Minding the MediaBy Fisher Investments Editorial Staff, 08/10/2012
Headlines today seem to overwhelming lament falling this or worrisome that. In the face of such negativity, many might wonder why we still believe stocks should finish the year robustly. But it’s important to remember, though the media can give investors a good sense of broad sentiment, it’s often not a perfect reflection of reality. And in fact, we expect news to be dour this year.
In general, news headlines tend to play up the negative. Media is a for-profit business—that means the more eyeballs they get, the more advertising they sell. How do they get more eyeballs? We’ve discussed prospect theory before—the concept people feel the pain of loss over twice as acutely as they enjoy the prospect of gain. It’s tied to an evolutionary response to be hypersensitive to perceived danger. Potential viewers aren’t as motivated to tune in for positive news, so highlighting all that’s right with the world isn’t necessarily good for the media’s bottom line. You can see this effect when you turn on the news every night. As the old newspaper adage goes, “If it bleeds, it leads.”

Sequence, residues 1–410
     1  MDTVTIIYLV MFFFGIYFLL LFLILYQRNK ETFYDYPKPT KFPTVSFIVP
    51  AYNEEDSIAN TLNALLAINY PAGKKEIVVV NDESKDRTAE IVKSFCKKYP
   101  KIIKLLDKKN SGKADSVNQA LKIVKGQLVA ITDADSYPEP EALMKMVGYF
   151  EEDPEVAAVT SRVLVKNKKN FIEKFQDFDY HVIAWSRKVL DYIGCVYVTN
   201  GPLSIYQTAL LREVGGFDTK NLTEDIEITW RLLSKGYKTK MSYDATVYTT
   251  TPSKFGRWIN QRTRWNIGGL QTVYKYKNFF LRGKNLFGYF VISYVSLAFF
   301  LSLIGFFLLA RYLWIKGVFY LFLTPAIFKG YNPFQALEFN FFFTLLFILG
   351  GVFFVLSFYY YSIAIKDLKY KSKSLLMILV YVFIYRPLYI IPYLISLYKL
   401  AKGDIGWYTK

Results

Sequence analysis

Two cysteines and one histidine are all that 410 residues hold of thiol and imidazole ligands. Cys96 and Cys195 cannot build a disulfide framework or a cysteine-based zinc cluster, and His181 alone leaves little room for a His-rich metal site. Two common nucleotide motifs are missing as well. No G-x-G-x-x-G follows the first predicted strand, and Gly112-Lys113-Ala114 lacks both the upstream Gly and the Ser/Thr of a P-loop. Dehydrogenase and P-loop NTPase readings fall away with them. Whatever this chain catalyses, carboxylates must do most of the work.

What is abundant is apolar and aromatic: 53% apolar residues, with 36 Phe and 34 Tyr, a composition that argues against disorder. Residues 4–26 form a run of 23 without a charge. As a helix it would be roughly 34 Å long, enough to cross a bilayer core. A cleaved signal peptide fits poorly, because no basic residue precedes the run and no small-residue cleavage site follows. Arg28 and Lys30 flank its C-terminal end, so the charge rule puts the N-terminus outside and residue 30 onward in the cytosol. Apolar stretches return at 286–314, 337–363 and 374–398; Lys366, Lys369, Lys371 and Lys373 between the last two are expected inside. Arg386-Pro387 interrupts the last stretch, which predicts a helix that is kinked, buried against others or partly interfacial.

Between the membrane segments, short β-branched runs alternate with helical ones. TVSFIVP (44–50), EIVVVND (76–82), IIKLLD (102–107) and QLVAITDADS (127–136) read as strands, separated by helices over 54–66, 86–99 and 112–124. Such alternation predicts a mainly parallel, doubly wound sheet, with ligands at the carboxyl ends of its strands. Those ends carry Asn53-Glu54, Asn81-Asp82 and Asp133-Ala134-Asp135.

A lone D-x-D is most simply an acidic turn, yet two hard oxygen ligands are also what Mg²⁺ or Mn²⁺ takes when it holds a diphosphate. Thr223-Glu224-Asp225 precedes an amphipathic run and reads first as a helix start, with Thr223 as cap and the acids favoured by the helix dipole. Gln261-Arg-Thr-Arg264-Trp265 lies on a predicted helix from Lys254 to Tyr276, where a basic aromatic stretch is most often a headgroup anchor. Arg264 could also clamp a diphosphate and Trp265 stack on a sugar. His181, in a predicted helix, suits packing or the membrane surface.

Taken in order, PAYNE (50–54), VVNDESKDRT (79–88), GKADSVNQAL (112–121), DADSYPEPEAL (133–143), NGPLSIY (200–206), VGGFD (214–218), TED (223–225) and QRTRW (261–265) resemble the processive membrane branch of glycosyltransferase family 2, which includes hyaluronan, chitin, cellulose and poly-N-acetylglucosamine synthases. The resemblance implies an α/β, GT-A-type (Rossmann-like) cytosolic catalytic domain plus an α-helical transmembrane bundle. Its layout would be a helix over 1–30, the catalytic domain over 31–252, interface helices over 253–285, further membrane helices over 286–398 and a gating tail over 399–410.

Another factor this year? It’s an election year, and neither side has much incentive to promote positive economic news. It’s candidate Romney’s best interest to say the economy is doing terribly and pin the blame on Obama. But Obama doesn’t want to seem out of touch, so he also doesn’t want to say the economy is great. Just recently, he commented that the private sector was doing fine—a statement of fact—yet he was ridiculed from all sides and quickly backed away. No doubt, Obama remembers 1992, when George H.W. Bush said the economy was fine, but Clinton campaigned on “It’s the economy, stupid.” Bush was right, but Clinton won. Hence, neither side is likely to sunny-up their statements much. But remember, bull markets like to climb a wall of worry. And broadly bullish media isn’t necessarily a good thing—it can be a sign of euphoric sentiment and a lack of upward buying pressure boosting stocks higher. You should expect dour stories to continue—possibly even intensify—as stocks continue their climb this year.